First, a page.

This week’s Badgerometer looks into the history books of the land of Samba, and picks the best drivers to hail from Brazil. Enjoy! (originally published 2011)
Don’t let Rubens current situation at Williams right now fool you – this man is both seriously fast and very, very experienced. Bursting onto the scene in the early ’90s for Jordan, he quickly proved he could cut it with the big boys, running as high as second at Donington in 1993 before the car broke down. As he star grew, he was lucky not to suffer serious injury in a scary crash the Friday of Imola, 1994. He recovered to become a fan favourite for the Irish team, Stewart, Ferrari, Honda, Brawn and currently Williams.
Although Brazil next weekend may be his last race – and we sincerely home it isn’t – over a third of all races contested for the F1 World Championship have had Rubens Barrichello racing in them. That’s bonkers. We hope he does get that 20th season in F1 next year, as the F1 circus would be better off with that cheeky grin of his!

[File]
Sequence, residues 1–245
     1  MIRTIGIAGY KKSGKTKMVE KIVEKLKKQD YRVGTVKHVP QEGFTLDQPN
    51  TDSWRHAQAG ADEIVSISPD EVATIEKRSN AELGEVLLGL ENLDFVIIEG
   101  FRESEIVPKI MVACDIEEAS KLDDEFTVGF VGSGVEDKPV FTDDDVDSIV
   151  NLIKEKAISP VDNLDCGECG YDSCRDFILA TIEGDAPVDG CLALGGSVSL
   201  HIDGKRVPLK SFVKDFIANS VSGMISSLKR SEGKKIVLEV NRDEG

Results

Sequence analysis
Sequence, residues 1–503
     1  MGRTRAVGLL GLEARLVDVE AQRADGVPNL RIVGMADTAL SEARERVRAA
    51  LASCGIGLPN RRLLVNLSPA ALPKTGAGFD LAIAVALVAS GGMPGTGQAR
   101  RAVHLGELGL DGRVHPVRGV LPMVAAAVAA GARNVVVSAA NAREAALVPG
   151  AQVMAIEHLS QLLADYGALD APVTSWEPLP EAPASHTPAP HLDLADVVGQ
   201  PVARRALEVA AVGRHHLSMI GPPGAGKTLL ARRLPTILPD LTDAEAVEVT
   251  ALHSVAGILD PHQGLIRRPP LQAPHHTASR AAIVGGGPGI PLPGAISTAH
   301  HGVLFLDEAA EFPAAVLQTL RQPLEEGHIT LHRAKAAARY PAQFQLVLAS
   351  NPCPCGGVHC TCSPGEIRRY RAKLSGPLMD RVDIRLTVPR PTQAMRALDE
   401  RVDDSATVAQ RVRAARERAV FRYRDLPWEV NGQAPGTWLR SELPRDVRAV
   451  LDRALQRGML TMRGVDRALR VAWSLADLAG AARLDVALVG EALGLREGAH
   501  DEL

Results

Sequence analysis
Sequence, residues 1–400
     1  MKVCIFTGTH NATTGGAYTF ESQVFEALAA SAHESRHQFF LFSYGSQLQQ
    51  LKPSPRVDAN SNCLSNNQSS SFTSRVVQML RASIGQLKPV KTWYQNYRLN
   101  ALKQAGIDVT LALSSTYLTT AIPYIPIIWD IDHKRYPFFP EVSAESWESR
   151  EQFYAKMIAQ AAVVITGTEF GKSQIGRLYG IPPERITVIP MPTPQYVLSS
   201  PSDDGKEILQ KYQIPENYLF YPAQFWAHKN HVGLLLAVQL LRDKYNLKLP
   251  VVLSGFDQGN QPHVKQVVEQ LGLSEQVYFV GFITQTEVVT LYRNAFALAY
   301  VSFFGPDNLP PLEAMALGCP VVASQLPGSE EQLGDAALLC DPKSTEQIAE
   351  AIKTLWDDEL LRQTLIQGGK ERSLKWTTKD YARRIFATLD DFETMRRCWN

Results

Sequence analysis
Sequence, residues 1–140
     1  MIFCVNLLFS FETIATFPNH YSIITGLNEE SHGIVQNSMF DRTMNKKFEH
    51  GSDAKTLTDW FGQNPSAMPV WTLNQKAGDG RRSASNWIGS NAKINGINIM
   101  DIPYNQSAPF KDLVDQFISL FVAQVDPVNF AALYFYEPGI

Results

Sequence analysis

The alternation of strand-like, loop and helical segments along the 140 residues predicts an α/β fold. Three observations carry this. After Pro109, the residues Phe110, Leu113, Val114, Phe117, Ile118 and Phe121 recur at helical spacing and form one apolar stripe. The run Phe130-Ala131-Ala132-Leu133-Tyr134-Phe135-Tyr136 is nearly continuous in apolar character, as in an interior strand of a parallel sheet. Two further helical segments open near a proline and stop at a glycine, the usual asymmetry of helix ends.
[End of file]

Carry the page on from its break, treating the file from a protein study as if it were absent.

It’s now hard to believe Felipe Massa was within touching distance of a world championship. The Brazilian cuts a somewhat sorry figure, worn down by the pain of losing the title on his home turf, his terrible accident at Hungary ’09 and the force of nature that is his team-mate Fernando Alonso.
But we shouldn’t forget that, on his day, Felipe is a very fast driver. He can be supreme over a single lap, and it’s for this reason at all but one of his 11 race wins have come from the front row of the grid. Once there he’s able to scamper off at the front and control a race; the problem is that when he’s a little further back he doesn’t have what it takes to get to the front.